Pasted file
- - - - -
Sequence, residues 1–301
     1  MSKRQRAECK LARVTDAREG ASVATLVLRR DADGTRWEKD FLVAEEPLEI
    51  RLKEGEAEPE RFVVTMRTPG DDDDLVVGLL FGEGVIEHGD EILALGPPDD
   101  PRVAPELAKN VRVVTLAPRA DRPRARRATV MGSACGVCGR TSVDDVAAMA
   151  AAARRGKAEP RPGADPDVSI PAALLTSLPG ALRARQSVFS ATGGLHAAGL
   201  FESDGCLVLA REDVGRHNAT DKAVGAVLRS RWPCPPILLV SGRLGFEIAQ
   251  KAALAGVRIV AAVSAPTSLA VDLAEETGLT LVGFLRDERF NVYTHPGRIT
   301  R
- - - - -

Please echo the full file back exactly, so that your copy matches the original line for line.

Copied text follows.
Sequence, residues 1–301
     1  MSKRQRAECK LARVTDAREG ASVATLVLRR DADGTRWEKD FLVAEEPLEI
    51  RLKEGEAEPE RFVVTMRTPG DDDDLVVGLL FGEGVIEHGD EILALGPPDD
   101  PRVAPELAKN VRVVTLAPRA DRPRARRATV MGSACGVCGR TSVDDVAAMA
   151  AAARRGKAEP RPGADPDVSI PAALLTSLPG ALRARQSVFS ATGGLHAAGL
   201  FESDGCLVLA REDVGRHNAT DKAVGAVLRS RWPCPPILLV SGRLGFEIAQ
   251  KAALAGVRIV AAVSAPTSLA VDLAEETGLT LVGFLRDERF NVYTHPGRIT
   301  R